The Life Cycle of a Servlet
Three methods are central to the life cycle of a servlet. These are init( ), service( ), and destroy( ). They are implemented by every servlet and are invoked at specific times by the server. Let us consider a typical user scenario to understand when these methods are called.
First, assume that a user enters a Uniform Resource Locator (URL) to a web browser. The browser then generates an HTTP request for this URL. This request is then sent to the appropriate server.
Second, this HTTP request is received by the web server. The server maps this request to a particular servlet. The servlet is dynamically retrieved and loaded into the address space of the server.
Third, the server invokes the init( ) method of the servlet. This method is invoked only when the servlet is first loaded into memory. It is possible to pass initialization parameters to the servlet so it may configure itself.
Fourth, the server invokes the service( ) method of the servlet. This method is called to process the HTTP request. You will see that it is possible for the servlet to read data that has been provided in the HTTP request. It may also formulate an HTTP response for the client.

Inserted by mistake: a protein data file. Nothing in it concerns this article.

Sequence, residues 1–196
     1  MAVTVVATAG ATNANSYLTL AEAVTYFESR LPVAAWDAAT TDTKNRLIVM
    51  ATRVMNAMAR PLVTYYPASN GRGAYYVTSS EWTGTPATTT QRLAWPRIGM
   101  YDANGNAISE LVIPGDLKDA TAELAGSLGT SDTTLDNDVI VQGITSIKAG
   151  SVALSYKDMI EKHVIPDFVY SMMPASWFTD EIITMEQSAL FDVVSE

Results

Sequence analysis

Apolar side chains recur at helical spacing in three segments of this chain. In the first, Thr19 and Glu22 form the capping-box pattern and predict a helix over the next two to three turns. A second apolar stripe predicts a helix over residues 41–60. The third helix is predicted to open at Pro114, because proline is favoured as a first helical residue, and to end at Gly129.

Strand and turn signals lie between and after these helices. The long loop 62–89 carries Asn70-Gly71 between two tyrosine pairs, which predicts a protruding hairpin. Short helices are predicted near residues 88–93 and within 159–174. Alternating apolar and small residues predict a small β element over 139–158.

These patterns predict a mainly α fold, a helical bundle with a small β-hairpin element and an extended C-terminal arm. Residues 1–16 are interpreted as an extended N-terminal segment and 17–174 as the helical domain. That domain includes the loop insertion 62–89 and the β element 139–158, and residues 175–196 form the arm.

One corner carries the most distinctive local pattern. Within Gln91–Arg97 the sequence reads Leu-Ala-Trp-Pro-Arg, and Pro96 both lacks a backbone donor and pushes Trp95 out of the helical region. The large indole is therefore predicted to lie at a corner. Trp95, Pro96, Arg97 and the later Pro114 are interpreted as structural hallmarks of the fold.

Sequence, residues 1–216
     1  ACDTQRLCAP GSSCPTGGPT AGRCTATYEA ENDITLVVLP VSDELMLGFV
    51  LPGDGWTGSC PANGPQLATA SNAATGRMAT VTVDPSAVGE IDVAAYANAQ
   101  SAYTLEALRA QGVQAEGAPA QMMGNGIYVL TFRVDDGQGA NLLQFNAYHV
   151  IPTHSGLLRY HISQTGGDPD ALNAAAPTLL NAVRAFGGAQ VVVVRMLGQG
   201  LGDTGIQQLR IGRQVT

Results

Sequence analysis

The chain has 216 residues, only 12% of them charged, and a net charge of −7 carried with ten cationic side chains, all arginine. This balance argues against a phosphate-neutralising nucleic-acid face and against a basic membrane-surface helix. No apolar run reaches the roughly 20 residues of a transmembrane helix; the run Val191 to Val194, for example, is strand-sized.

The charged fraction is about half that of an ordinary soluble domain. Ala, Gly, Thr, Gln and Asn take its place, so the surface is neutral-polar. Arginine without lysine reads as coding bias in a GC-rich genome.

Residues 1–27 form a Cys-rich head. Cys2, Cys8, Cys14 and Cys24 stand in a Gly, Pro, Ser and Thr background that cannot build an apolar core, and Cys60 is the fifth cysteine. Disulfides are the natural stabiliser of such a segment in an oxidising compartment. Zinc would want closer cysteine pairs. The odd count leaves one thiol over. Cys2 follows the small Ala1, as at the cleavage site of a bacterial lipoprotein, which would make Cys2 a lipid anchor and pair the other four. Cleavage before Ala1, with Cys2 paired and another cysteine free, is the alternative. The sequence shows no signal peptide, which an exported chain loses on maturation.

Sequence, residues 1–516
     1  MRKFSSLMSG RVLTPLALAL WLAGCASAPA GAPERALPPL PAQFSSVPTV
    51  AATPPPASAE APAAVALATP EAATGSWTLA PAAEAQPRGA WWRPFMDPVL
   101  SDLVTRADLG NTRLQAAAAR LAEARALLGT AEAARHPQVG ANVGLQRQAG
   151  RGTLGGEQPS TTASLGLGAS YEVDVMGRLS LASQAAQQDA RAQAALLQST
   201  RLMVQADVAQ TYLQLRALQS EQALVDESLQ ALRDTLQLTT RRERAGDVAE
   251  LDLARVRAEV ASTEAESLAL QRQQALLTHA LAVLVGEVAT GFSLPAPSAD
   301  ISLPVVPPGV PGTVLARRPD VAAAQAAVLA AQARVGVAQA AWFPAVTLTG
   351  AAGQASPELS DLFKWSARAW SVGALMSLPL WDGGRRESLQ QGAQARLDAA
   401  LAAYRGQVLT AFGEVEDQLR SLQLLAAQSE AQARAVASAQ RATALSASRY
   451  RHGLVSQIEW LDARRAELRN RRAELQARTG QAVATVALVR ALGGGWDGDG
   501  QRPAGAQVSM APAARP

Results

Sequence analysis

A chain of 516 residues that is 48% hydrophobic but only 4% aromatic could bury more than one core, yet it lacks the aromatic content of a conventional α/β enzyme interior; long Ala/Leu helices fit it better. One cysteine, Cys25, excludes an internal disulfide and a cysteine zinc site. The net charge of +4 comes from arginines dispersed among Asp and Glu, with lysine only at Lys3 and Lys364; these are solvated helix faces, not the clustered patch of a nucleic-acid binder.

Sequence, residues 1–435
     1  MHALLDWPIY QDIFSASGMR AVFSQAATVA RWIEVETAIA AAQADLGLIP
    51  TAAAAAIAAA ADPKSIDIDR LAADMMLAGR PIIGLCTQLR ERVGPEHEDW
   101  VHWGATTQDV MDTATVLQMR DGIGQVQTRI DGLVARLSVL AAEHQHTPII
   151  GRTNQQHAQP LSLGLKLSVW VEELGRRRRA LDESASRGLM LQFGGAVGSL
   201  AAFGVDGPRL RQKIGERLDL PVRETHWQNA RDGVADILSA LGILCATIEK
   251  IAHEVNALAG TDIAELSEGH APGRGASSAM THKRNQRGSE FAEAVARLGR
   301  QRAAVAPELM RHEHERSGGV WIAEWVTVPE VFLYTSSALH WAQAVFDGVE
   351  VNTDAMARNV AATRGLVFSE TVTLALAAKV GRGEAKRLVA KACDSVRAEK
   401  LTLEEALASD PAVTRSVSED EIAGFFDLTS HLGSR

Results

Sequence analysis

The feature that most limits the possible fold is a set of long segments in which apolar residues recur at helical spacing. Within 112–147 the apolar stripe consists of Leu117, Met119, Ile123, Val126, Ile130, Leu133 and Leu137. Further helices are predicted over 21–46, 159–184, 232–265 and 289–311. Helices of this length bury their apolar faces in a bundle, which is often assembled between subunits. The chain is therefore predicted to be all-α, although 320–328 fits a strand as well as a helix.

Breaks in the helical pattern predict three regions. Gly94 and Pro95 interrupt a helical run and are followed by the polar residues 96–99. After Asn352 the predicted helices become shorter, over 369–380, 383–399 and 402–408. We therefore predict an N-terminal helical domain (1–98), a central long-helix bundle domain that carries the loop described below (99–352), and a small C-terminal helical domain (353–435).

The servlet remains in the server’s address space and is available to process any other HTTP requests received from clients. The service( ) method is called for each HTTP request.
Finally, the server may decide to unload the servlet from its memory. The algorithms by which this determination is made are specific to each server. The server calls the destroy( ) method to relinquish any resources such as file handles that are allocated for the servlet.
Important data may be saved to a persistent store. The memory allocated for the servlet and its objects can then be garbage collected.
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